The U.S. Department of Labor today announced changes to the regulations that define a “spouse” for purposes of the federal Family and Medical Leave Act. The changes fully implement the U.S. Supreme Court’s decision in United States v. Windsor, which struck down the Defense of Marriage Act. That statute had defined the terms “marriage” and “spouse,” as used in federal law, to refer only to opposite-sex marriages.
Immediately after the Windsor decision, the Department of Labor announced that henceforth, employers would be required to grant FMLA leave to an employee to care for his or her same-sex spouse if the employee resides in a state that recognizes same-sex marriages.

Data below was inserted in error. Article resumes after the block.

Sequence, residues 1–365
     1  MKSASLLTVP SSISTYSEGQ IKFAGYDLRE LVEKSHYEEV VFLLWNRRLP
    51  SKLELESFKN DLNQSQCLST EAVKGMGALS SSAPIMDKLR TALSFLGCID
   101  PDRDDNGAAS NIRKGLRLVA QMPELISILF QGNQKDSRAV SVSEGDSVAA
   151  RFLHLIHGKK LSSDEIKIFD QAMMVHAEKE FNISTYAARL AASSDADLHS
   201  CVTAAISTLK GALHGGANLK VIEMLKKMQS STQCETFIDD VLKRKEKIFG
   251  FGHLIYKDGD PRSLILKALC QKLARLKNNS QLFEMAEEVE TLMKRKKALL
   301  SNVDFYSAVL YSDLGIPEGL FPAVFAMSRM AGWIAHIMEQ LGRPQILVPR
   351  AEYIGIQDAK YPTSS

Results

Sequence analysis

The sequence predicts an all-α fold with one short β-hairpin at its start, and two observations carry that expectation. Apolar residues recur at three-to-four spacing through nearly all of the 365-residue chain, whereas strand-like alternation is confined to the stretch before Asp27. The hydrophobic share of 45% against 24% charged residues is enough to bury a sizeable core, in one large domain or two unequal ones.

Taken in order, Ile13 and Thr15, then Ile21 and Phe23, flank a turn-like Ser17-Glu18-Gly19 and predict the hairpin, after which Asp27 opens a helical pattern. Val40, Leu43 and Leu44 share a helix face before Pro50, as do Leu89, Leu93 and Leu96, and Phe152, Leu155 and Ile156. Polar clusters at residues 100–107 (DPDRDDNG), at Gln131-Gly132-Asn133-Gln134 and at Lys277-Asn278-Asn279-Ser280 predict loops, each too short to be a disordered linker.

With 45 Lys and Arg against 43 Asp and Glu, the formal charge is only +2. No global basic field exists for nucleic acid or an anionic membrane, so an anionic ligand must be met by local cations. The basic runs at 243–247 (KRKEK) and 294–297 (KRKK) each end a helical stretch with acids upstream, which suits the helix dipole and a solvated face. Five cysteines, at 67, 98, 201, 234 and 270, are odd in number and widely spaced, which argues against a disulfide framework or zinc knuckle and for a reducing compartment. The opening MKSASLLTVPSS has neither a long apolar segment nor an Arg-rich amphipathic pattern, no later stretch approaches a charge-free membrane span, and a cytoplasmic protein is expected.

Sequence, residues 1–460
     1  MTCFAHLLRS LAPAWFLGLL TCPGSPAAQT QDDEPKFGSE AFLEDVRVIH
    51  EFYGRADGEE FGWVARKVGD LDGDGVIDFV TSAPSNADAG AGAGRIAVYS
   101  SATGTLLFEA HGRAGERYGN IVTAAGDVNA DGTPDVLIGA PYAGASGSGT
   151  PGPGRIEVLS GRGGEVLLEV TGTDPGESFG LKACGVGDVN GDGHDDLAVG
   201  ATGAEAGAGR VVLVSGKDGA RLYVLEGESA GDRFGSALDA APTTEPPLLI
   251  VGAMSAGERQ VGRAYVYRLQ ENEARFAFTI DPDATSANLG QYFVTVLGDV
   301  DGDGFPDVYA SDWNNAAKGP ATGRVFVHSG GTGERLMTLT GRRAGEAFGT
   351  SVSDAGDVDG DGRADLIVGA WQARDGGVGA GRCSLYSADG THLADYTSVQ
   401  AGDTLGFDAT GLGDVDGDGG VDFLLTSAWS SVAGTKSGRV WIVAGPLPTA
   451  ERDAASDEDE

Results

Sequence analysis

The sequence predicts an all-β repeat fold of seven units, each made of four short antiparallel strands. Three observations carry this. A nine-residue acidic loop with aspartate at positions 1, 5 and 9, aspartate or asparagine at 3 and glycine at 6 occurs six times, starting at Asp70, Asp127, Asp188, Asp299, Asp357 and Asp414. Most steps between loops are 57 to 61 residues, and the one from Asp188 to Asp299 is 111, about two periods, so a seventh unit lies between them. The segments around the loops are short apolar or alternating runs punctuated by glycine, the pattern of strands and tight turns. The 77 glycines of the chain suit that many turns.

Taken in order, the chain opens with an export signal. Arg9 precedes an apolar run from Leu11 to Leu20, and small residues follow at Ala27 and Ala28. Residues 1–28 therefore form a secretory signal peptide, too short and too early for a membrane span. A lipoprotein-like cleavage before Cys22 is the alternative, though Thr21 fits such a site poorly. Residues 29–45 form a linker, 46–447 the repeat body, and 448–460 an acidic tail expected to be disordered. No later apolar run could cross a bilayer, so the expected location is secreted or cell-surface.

Now the Department has gone a step further, and revised its rules to provide that an employee is entitled to FMLA leave to care for a same-sex spouse regardless of the law of the employee’s state of residence, provided that the marriage was legal in the place where it was entered into. Similarly, the child of the same-sex spouse will be recognized as the employee’s step-child for FMLA purposes.
A fact sheet on the new regulation can be found here. It will be published in the Federal Register on February 25, 2015, and will be effective on March 27.